Study aimed at reducing drought-stress losses
The team has already learned a lot by collecting data during two contrasting years of rainfall. 2010 was a good year for wheat yield and 2011 was one of the driest years on record, he said.
“Initially, we propose to use physiological measurements and yield parameters to evaluate the impact of specific drought-stress treatments on the phenotype and physiology of the plants in controlled greenhouse and field conditions,”
“We will then employ a systems biology approach involving state-of-the-art science using high throughput RNA sequencing, proteomic, metabolomic and hormonomic technologies to elucidate the drought tolerance mechanisms of the above mentioned varieties at molecular and whole-plant levels,” Krishna Reddy said.
“We expect to identify the key genetic regulators of drought tolerance and their biochemical pathways and interactions at multiple levels,” Liu said.
“That will enable us to design more effective molecular markers to be used in screening breeding populations for wheat improvement.”
The results will be validated under field conditions with a wide range of wheat genotypes. Then wheat breeders can apply the molecular tools to screen for and target drought-tolerance genes in various breeding programs, he said.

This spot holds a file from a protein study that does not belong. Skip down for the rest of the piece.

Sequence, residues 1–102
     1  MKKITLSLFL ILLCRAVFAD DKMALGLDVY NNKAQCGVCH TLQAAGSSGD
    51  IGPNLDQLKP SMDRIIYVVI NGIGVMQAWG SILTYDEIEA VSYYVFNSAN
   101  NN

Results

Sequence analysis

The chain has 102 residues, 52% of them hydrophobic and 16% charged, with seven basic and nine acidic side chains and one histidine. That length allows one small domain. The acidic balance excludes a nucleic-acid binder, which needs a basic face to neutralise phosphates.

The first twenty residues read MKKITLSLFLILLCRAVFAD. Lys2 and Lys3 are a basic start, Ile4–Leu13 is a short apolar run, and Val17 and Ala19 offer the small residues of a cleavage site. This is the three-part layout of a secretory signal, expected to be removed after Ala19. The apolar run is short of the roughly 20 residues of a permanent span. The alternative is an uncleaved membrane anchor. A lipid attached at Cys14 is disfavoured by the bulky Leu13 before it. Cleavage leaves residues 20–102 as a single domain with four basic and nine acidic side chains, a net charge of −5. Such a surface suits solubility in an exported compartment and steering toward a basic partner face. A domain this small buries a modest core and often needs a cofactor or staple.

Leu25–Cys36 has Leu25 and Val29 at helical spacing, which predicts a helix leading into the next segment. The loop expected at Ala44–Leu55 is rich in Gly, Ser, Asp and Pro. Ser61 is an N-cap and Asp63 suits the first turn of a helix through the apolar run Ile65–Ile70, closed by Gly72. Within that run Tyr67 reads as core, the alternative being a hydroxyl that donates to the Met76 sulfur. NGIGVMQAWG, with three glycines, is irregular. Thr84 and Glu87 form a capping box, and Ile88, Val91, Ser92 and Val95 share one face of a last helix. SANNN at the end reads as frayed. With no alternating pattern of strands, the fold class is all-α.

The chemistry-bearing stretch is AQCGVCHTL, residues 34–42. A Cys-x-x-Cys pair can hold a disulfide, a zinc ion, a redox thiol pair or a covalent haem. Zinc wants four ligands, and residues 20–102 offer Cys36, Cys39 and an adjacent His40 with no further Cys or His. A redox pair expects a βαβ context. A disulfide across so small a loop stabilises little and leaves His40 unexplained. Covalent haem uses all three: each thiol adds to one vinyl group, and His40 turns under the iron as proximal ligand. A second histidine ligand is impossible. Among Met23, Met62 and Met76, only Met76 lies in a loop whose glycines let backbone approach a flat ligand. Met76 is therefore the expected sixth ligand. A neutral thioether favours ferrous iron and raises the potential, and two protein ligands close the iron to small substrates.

Rudd said the knowledge generated will help to accelerate variety development in the U.S. and in other similar environments throughout the world, and ultimately result in the release of drought-stress tolerant and high-yielding wheat varieties that benefit producers.
“Improved genetics cannot replace timely rains, but we have made significant improvements in drought tolerance through traditional plant breeding and further improvements are likely in the future,” Rudd said. “Preliminary projects supported by the Texas Wheat Producers and the federally-funded Ogallala Aquifer Program have given us valuable insight into our past accomplishments and a clear direction for future research.”